The biggest question I have concerns what my parents would think of the life I have created. I often wonder whether they would be pleased with the big choices I have made. I would like to think that they would be happy with the way I turned out and the family that Richard and I have raised; but there are some days I am not really sure. Have I been a disappointment to them? They would have been thrilled, for example, if I had finished my PhD in Church History at the University of St. Andrews and taught at a university. That did not happen. So am I still trying to earn their approval and make them proud of me? Even in the second half of life I am not sure that we ever fully escape this desire to please our parents – especially when we have been blessed with good and loving parents.

Do we ever escape our family of origin? Do we want to? What do YOU think?

Who Are You and Who and What Defines You in the Second Half of Life?

Have you registered for Our Long and Winding Road: Seeking Our Path in the Longevity Revolution with Rabbi Richard Address? If not, you will want to do so very soon. Because we are trying to limit our capacity as per health unit directives, we have intentionally restricted the number of participants who can attend. For this reason only a few spaces still remain.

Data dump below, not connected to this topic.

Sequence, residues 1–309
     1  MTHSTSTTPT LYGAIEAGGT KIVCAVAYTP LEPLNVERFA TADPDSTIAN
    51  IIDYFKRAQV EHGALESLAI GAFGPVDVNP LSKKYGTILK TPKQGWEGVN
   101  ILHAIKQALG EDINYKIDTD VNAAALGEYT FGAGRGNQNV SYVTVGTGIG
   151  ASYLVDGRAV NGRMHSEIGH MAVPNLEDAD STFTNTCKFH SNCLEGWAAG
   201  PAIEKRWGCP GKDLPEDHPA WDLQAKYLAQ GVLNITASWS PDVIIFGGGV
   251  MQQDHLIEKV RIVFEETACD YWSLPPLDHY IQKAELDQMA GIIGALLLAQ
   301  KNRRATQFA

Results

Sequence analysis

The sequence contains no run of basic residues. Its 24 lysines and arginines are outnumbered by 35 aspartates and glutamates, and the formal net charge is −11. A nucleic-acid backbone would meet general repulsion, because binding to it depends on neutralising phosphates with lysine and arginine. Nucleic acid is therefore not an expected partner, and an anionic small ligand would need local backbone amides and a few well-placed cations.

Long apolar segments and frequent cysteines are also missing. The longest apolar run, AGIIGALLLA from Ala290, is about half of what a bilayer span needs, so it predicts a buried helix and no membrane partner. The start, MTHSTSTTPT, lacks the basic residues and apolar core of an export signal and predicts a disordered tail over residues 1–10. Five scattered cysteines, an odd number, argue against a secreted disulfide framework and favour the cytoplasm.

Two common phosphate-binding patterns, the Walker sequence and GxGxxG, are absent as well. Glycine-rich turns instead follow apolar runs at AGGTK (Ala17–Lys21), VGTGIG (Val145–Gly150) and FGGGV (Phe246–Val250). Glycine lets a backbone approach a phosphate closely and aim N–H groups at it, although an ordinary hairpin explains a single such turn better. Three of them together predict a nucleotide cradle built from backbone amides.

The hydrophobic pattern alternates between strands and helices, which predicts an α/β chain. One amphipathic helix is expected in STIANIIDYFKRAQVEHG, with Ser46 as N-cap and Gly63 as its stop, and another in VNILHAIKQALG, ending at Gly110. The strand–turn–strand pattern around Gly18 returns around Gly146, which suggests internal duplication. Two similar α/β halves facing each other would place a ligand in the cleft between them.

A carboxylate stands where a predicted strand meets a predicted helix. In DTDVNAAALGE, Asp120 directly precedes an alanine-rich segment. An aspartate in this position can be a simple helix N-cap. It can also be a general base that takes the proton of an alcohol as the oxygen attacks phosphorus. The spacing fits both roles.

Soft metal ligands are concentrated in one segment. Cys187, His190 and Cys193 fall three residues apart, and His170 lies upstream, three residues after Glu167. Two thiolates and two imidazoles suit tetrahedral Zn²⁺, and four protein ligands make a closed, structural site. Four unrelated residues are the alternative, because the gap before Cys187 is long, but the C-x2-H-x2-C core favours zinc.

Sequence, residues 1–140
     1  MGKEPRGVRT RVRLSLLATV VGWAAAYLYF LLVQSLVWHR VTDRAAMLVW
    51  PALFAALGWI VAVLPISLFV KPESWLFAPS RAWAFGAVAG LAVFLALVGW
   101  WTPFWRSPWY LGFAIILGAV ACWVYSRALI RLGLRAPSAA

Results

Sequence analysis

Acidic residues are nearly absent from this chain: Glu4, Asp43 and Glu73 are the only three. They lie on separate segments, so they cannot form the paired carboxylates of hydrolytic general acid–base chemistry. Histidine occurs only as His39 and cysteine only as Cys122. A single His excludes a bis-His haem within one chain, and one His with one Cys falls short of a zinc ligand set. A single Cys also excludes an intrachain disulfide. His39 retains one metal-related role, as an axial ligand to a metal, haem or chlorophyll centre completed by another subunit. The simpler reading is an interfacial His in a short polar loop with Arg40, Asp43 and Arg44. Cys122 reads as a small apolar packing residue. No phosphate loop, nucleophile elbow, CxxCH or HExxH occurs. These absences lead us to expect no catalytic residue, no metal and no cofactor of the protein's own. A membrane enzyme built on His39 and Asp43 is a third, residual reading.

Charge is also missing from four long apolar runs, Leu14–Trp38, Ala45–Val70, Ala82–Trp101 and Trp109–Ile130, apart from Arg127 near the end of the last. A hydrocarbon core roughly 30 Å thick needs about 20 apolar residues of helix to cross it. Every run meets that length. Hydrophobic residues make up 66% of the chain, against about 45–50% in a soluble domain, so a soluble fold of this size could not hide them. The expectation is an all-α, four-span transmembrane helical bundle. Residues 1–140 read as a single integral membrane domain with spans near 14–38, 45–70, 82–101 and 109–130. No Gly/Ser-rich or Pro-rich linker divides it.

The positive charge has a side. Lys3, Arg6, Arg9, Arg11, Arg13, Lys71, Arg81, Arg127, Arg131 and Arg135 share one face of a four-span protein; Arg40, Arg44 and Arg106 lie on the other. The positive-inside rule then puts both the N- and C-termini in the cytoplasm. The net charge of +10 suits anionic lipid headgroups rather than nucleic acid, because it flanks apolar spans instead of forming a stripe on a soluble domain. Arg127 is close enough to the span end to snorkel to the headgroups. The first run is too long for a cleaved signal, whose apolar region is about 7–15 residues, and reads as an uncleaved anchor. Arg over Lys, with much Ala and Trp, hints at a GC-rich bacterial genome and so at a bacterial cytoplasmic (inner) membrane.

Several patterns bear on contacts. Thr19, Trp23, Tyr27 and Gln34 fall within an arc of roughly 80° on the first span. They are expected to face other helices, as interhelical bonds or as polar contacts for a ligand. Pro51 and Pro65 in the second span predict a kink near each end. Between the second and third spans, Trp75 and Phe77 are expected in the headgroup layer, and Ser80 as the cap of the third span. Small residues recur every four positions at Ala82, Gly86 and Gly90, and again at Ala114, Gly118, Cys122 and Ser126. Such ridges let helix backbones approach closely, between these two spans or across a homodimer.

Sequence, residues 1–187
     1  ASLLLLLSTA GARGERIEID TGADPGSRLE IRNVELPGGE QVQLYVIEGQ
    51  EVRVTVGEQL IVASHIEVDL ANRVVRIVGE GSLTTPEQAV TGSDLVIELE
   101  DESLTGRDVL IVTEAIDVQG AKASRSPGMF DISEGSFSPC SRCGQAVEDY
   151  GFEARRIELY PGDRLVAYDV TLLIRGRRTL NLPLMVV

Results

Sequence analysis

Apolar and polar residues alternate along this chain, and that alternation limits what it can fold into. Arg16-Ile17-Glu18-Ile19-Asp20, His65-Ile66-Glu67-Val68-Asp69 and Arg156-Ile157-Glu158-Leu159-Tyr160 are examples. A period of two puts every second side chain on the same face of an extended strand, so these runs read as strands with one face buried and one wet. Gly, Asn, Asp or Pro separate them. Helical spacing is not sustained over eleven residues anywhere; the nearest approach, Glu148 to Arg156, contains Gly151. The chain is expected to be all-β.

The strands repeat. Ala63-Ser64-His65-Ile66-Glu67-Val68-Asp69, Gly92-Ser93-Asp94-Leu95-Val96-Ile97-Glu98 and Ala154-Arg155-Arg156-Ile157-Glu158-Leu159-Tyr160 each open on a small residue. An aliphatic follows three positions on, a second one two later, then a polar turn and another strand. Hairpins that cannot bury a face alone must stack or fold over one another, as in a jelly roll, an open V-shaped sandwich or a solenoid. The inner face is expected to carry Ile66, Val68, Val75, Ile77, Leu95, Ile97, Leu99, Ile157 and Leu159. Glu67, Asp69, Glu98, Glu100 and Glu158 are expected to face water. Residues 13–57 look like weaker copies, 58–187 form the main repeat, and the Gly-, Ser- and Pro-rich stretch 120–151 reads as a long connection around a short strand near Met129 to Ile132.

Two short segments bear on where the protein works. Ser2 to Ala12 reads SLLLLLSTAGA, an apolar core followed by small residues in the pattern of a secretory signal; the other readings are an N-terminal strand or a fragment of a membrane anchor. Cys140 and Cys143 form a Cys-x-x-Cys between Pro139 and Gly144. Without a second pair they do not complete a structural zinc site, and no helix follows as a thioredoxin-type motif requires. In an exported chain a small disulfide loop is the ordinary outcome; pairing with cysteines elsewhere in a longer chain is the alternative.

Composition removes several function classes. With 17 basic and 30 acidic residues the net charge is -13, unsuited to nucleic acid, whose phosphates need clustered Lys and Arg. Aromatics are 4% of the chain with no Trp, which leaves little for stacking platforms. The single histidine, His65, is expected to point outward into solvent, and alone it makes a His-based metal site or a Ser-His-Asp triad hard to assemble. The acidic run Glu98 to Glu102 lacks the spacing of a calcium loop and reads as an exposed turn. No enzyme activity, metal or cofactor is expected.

Rabbi Address will have several very stimulating presentations on November 13th that speak directly to the issues that are most on our hearts. In his first address for the day, he will focus on a question that most of us have probably wrestled with all our lives but which now takes on a new poignancy in the second half of life, namely, who am I and who and what defines me?

In other words, who tells us who we are? Our car? Our house or how well appointed our condo is? Our bank account? The size of our retirement portfolio? How successful our kids are? The photos of grandchildren we carry around in our wallets or how many bogeys we got in last week’s golf tournament? Where we spend our winters? Our hobbies? The books we read or the sports we play? Our volunteer activities and what we give back to our community?

Whether we realise it or not, the question of our identity is a profoundly spiritual one. It invites us to reflect upon where we have been and where and how God is calling us to serve in this chapter of our lives, which, as Rabbi Address notes, is a time of spiritual transformation akin to that  revealed in the story of Jacob’s Ladder.

Moreover, what and who are the angels who hold us as we age? With what do we wrestle in our older years? And where and how do we receive God’s blessing?

a great coming of age story for boomers and older adults